If the person you committed “battery” against was playing sports with you or was involved in another high-risk activity, they legally consented to the risk of injury. Because of this, any incident is not battery.
In many cases, you may have been reacting to an attack on yourself or someone else. If this is the case, your “battery” was in self-defense, and it is not battery at all. In this situation, you should not face conviction.
If the other party struck you first or were about to do so, it counts as self-defense. However, if they taunted you or otherwise baited you into an attack, this is not a justification for battery. Self-defense claims are complicated, and we can help you understand whether this might apply in your case.
While these are the most common defenses used in a battery case, this list is far from exhaustive. You need to talk to a battery defense lawyer in Los Angeles to learn more about your options.
Can a Battery Charge Be Expunged?
As long as your battery charge does not result in a prison sentence, you may be able to get the charge expunged from your record. Before you can get your expunged, you must first complete all of the terms of your sentence, including any jail time and probationary period.
While having a charge expunged from your record will not completely erase all traces of your conviction, it will benefit you in many ways. One of the biggest benefits of expungement is when you are looking for a new job. In California, you will not have to disclose a conviction when applying for a job if it has been expunged from your record.
A Los Angeles battery defense attorney can help you get your record expunged quickly and get your life back on track.
What if You Were Drunk When the Battery Occurred?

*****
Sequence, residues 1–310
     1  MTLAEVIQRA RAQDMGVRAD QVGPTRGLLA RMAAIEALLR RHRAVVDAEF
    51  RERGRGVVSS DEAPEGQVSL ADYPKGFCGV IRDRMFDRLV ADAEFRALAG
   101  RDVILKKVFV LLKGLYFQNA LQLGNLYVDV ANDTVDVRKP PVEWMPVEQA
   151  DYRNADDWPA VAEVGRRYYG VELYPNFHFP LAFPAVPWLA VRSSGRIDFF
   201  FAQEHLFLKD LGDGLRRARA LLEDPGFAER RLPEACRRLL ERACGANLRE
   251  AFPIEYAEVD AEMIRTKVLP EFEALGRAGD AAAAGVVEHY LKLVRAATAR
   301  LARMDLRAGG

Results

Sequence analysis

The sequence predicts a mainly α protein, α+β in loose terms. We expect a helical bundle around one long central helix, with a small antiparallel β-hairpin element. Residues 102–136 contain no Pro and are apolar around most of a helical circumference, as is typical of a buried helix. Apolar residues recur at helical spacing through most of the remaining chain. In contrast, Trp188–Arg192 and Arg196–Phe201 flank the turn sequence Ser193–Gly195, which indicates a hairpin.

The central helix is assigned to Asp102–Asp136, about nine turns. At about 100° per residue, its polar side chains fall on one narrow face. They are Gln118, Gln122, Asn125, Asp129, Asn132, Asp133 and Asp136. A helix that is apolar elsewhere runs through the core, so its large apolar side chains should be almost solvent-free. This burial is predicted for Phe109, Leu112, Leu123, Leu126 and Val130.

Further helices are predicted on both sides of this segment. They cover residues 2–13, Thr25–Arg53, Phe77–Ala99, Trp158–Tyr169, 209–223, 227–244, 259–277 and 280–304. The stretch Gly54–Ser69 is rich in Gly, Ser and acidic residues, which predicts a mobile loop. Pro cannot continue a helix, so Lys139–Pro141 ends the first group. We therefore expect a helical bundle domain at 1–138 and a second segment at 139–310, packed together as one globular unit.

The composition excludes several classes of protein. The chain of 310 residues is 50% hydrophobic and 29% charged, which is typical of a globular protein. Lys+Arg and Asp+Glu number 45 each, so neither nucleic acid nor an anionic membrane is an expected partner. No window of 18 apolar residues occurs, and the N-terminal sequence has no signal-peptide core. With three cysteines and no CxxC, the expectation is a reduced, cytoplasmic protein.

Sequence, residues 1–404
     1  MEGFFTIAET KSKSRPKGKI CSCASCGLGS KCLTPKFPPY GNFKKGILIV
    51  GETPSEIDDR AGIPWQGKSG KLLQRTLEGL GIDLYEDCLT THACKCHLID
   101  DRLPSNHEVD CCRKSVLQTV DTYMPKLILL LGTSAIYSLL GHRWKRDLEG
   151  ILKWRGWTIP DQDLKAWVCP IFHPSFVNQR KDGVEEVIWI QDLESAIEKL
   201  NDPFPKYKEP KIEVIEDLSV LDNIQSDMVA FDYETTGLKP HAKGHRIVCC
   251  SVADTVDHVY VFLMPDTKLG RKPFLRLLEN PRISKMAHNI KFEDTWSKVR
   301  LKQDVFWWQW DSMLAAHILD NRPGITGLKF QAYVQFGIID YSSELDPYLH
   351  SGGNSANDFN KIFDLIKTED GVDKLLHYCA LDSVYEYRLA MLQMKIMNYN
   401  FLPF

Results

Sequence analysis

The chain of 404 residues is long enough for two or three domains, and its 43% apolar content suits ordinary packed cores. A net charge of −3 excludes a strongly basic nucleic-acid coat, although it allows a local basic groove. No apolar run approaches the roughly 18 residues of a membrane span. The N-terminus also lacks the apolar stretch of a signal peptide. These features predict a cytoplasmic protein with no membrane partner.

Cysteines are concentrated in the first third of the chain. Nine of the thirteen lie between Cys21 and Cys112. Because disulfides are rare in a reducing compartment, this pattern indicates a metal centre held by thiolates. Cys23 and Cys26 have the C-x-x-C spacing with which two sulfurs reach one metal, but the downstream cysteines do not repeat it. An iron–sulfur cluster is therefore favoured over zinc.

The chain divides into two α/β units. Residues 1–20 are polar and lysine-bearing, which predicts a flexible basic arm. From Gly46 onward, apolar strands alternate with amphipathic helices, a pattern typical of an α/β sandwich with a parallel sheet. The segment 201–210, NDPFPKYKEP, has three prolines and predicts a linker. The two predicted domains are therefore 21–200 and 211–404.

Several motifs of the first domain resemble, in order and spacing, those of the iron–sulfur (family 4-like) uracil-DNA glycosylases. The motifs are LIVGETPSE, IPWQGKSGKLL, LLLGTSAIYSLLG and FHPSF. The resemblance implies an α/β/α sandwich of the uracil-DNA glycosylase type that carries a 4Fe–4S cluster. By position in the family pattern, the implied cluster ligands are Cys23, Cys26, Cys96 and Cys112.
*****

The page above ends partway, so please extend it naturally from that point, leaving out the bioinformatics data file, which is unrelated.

Many battery cases involve alcohol or other intoxicants. It could be that things got too heated while drinking, and it led to an altercation or, alternatively, you may have done something while drunk that wasn’t meant to hurt anybody at all, such as throwing a beer bottle or knocking over a chair. Nonetheless, if the item ends up hitting someone, it can count as battery.
Unfortunately, intoxication is not usually a defense in battery cases because California does not recognize “voluntary intoxication” as an excuse from responsibility. In other words, when you willingly choose to consume alcohol, you do so knowing that it may result in poor judgment and reduced inhibitions. Because of this, you are still responsible for the consequences.
That doesn’t mean you can’t win your case, however. Your situation may qualify for the “accident” defense or could be defended on other grounds.
Talk to a Los Angeles Battery Defense Attorney for Free Today
If you have been charged with battery, we can help you work through your case and get the best outcome possible. We defend our clients as if they are members of our own family.
Schedule a free, no-obligation consultation with a member of our legal team today by giving us a call or filling out our online contact form. One of our Los Angeles battery attorneys will review your case and begin helping you build your defense.